This week in different contexts I have been coming across the references to the harmful affect of words on others, but before I get too carried away, allow me to introduce Michael Josephson who delivers short homilies on ethics on radio stations in the united states and has a website called www.charactercounts.com I have subscribed to his weekly digest of his Commentaries and they often give me a lift. He never deals with religion per se but concentrates on right and honest living. Well this weeks digest contains to commentaries that I’d like to share with you. But I recommend you visit the website and subscribe yourself to it, they are worthwhile reading.
I don't think a week has gone by in the past ten years when at least one of my young daughters (the eldest is 12) hasn't come to me sobbing because one of her sisters was being mean or called her a name.
Sometimes I investigate the problem and, where appropriate, discipline the name-caller and counsel the wounded child to "toughen her up." More often, I give the complaint short shrift telling my complaining child to "work it out," "suck it up" or "get over it." Occasionally, I've trotted out the old wisdom, "Sticks and stones can break your bones, but names will never harm you."
Recently, I was reminded this isn't true. One of my dear daughters said some mean and hurtful things that made a classmate cry. The teacher assured me my daughter's unkind remarks did indeed cause serious emotional pain.
I wondered whether my callousness to unkind sibling interaction encouraged my daughter to wound another child.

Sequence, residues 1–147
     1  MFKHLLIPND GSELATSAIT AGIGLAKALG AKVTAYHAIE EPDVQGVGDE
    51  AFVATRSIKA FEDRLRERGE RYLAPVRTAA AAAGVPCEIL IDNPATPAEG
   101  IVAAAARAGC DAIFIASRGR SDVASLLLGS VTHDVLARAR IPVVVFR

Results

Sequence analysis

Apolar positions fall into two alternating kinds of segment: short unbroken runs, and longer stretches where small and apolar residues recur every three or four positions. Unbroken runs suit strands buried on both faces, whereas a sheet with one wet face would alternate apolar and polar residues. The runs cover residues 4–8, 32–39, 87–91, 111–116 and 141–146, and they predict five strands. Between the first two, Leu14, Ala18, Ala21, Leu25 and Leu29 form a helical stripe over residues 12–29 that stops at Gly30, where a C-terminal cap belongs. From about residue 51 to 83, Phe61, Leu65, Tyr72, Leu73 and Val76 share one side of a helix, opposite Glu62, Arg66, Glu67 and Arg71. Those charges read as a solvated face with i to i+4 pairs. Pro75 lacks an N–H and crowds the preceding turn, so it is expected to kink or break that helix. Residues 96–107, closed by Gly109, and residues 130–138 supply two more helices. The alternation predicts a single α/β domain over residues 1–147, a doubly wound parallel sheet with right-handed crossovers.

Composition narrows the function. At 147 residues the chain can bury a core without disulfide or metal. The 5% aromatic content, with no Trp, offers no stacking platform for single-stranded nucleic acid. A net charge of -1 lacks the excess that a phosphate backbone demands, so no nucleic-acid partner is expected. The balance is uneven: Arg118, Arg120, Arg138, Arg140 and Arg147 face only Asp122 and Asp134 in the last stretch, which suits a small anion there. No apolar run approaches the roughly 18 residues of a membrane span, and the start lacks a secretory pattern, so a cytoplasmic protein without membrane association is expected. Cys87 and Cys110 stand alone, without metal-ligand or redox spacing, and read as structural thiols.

The truth is, thoughtless and malicious insults, teasing and gossip inflict deeper and more enduring pain on more people than guns or knives. Ask anyone who as a kid was fat, skinny, unusually short or tall, flat-chested or big-busted, acne-faced, unathletic, slow-witted or exceptionally smart. In schoolrooms and playgrounds across the country, weight, height, looks and intelligence are much more likely to be the subject of ridicule than race or religion.
Words are enormously powerful. And while we should try to fortify our children's sense of self-worth so they can bear insults and sarcasm, declaring words harmless won't make them so.
Intentionally or carelessly hurting someone's feelings isn't a small thing. If we have to resort to ancient wisdom, we'd be better off with: "If you can't say anything nice, don't say anything at all."
This is Michael Josephson reminding you that character counts.
*I'd like to illustrate the point of this commentary with real examples. If you are willing to share (for posting on our website) a story of a situation where someone's words inflicted a lasting and serious pain on you or someone you know, please send the story to email@example.com and indicate whether you want your name used with the story or published without attribution.